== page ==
On this wintry morning of January 30, 1933, the tragedy of the Weimar Republic, of the bungling attempt for fourteen frustrating years of the Germans to make democracy work, had come to an end—but not before, at the very last moment, as the final curtain fell, a minor farce took place among the motley group of conspirators gathered to bury the republican regime. Papen later described it.
At about half-past ten the members of the proposed Cabinet met in my house and walked across the garden to the Presidential palace, where we waited in Meissner’s office. Hitler immediately renewed his complaints about not being appointed Commissioner for Prussia. He felt that this severely restricted his power. I told him … the Prussian appointment could be left until later. To this, Hitler replied that if his powers were to be thus limited, he must insist on new Reichstag elections.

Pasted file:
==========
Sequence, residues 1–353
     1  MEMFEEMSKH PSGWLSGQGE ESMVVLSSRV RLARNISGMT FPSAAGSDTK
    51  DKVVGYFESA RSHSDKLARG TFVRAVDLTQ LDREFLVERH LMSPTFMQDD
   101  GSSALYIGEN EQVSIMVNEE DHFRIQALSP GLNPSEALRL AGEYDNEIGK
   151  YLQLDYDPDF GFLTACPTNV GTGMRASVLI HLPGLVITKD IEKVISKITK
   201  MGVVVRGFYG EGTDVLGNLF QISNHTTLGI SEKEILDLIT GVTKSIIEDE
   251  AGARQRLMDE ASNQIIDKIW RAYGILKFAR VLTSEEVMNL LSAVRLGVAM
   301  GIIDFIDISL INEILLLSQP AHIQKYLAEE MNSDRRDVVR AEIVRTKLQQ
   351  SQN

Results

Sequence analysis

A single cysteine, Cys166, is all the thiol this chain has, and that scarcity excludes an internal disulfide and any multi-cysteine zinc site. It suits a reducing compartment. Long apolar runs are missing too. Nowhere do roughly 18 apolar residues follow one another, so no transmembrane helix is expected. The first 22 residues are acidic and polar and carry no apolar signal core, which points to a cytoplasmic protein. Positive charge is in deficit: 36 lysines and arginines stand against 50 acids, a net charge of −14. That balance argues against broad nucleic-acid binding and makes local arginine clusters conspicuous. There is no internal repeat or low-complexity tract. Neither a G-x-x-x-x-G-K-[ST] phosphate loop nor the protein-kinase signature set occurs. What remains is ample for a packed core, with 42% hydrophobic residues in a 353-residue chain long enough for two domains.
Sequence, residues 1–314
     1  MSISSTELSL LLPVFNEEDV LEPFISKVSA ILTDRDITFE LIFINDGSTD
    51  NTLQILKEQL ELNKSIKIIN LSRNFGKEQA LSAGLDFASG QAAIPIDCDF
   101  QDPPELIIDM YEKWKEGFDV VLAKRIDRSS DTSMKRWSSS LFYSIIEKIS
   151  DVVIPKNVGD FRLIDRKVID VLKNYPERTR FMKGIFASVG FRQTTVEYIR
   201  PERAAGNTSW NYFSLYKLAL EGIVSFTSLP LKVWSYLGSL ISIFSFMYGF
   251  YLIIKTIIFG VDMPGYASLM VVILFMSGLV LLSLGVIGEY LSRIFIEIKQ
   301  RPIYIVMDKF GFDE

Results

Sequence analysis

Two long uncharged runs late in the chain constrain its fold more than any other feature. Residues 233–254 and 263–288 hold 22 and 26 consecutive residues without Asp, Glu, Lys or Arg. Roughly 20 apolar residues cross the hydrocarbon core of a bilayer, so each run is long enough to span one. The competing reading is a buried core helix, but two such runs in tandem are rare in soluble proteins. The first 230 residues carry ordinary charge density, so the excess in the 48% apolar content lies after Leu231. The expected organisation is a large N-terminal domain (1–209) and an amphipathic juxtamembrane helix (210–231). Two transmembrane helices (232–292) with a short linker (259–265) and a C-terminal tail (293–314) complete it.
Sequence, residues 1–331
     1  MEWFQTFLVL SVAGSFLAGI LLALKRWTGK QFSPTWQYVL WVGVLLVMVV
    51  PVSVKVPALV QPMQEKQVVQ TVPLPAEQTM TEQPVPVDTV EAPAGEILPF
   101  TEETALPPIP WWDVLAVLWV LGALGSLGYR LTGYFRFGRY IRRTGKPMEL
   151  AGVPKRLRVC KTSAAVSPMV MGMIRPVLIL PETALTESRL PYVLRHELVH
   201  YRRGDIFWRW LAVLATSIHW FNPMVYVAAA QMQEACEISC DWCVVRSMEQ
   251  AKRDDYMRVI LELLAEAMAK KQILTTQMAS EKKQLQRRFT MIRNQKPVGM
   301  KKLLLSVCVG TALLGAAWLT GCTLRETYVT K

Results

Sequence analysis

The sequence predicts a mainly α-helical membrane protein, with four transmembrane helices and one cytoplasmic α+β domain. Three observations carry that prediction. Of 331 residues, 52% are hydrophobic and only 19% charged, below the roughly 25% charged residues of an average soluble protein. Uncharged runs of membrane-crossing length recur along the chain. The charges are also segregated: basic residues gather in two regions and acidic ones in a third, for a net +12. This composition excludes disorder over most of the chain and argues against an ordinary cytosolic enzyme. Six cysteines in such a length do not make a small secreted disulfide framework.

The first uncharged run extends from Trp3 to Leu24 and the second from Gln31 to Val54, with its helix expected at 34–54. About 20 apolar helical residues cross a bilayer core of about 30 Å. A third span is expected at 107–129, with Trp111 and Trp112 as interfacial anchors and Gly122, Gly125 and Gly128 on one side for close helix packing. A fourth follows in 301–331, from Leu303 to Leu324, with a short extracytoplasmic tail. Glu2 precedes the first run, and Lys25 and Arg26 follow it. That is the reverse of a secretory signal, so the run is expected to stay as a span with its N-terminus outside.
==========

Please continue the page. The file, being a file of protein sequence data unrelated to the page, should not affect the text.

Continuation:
This produced a completely new situation and the debate became heated. Hugenberg, in particular, objected to the idea, and Hitler tried to pacify him by stating that he would make no changes in the Cabinet, whatever the result might be … By this time it was long past eleven o’clock, the time that had been appointed for our interview with the President, and Meissner asked me to end our discussion, as Hindenburg was not prepared to wait any longer.
We had had such a sudden clash of opinions that I was afraid our new coalition would break up before it was born … At last we were shown in to the President and I made the necessary formal introductions. Hindenburg made a short speech about the necessity of full co-operation in the interests of the nation, and we were then sworn in. The Hitler cabinet had been formed.21